More recently during the current market cycle, the Fed increased rates by 25 basis points in December 2015. The 10 year Treasury yield fell and the bond market generated a positive return while equities plummeted in the first quarter of 2016. A year later, the Fed increased rates by 25 basis points in December 2016. The impact on markets was minimal with both equities and fixed income generating strong positive returns in the two months that followed.

Fixed income allocation

Traditional fixed income has historically provided a hedge against equity market risk with substantially less drawdown than equities. Although a rising rate environment would suggest flat to negative returns for some areas of fixed income, the asset class still provides stability in portfolios when equities sell off. For example, fixed income provided an attractive safe haven during the market correction in the beginning of 2016.

In an environment of rising rates, Brinker Capital believes an allocation to traditional fixed income is still merited as we expect the asset class to provide a good counter to equity volatility.

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Source: Fact Set, Brinker Capital, Inc. Index returns are for illustrative purposes only. Investors cannot invest directly in an index. Past performance does not guarantee future results.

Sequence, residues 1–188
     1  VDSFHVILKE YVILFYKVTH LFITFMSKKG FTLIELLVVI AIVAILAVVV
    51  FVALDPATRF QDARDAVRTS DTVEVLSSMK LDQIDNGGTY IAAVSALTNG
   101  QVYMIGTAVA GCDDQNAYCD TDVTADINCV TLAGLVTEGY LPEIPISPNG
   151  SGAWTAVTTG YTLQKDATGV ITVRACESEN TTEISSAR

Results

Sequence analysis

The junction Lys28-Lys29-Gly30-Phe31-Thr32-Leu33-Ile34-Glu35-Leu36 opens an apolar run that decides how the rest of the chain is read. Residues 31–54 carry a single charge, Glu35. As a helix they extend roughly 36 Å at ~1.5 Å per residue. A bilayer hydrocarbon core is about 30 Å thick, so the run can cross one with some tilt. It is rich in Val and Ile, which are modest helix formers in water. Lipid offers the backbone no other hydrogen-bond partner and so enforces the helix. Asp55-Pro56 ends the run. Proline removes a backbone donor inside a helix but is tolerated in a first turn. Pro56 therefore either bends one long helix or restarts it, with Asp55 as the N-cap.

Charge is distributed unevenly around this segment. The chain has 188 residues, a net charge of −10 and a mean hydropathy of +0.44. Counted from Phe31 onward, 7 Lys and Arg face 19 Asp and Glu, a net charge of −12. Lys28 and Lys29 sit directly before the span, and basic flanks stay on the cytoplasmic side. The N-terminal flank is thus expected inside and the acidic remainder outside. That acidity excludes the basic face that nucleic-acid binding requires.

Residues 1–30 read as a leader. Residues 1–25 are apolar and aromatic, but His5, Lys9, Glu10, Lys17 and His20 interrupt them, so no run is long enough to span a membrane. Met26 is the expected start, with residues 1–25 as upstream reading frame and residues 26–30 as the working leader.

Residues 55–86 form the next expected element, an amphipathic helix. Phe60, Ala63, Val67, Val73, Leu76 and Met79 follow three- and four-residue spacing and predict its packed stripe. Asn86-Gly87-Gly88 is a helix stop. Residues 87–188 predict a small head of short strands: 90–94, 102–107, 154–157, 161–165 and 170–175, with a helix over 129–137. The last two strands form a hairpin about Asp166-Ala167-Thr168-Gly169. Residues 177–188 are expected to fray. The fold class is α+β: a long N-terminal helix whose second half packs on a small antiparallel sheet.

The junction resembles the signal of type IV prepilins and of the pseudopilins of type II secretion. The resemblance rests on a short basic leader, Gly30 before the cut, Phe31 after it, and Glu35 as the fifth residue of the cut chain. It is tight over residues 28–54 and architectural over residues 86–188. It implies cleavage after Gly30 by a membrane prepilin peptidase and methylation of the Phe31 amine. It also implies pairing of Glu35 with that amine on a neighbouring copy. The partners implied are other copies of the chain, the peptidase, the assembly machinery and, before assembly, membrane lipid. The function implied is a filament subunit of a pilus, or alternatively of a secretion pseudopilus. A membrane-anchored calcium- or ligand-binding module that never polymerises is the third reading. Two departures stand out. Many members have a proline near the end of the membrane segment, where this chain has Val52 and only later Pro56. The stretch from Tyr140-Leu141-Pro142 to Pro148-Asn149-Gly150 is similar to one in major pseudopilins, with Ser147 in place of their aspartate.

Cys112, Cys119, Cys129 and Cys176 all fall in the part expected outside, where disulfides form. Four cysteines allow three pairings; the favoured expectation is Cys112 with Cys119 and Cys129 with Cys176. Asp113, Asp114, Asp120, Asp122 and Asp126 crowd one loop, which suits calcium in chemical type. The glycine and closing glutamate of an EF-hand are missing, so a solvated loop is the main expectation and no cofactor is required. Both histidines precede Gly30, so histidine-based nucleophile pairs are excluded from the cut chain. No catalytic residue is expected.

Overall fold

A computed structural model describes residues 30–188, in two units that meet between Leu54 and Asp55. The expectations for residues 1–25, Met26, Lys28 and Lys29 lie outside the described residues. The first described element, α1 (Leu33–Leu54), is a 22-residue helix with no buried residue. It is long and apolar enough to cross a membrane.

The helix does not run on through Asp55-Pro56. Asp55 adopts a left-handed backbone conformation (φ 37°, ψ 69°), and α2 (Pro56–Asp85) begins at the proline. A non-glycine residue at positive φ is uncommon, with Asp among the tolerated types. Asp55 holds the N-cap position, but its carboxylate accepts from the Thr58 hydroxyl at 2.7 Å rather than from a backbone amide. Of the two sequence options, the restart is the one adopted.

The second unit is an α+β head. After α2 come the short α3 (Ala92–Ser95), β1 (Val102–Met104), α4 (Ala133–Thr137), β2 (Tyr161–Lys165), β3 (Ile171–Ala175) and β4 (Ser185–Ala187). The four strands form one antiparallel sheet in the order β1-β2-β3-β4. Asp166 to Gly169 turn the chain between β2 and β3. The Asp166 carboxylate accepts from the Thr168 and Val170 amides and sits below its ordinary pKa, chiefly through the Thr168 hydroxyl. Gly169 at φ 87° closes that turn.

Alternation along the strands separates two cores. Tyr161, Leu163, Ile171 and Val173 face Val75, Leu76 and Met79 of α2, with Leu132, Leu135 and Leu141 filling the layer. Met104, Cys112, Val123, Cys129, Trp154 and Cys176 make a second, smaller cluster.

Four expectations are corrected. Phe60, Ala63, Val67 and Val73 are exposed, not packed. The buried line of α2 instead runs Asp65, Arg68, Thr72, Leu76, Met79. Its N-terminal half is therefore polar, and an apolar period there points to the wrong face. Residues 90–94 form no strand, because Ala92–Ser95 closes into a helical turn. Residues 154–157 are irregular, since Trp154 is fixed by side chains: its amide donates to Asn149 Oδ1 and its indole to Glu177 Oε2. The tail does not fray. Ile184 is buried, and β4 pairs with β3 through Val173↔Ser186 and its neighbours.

Overall, much uncertainty remains on the timing and trajectory of interest rate changes. Brinker Capital remains committed to helping investors navigate through a rising rate environment through building diversified portfolios across multiple asset classes.

The views expressed are those of Brinker Capital and are not intended as investment advice or recommendation. For informational purposes only. Brinker Capital, Inc., a Registered Investment Advisor.

Investment Insights Podcast: It feels like the markets can do nothing but go straight up

Goins_PodcastAndrew Goins, Investment Manager

On this week’s podcast (recorded March 3, 2017), Andrew provides an update on key asset classes. Quick hits:

  • The market had gone 55 trading days without a plus or minus 1% move, which is the 18th longest streak since 1950.
  • Within Domestic equity markets, we’ve seen a shift in leadership from energy and financials in the 4th quarter to health care and technology.
  • International markets have also participated in the market rally so far in 2017, with the MSCI EAFE Index, a proxy for international developed markets, up 4.80%
  • Within Fixed Income, we’ve seen more volatility as the yield on the 10-year treasury has occulated between 2.32% and 2.51%, but interestingly is currently only 2bps higher than where we started at the beginning of the year.
  • We are keeping a close eye on many economic indicators and the rhetoric coming out of Washington, as well as the underlying company fundamentals.

For Andrew’s full insights, click here to listen to the audio recording.

The views expressed are those of Brinker Capital and are not intended as investment advice or recommendation. For informational purposes only. Holdings are subject to change. Brinker Capital, Inc., a Registered Investment Advisor.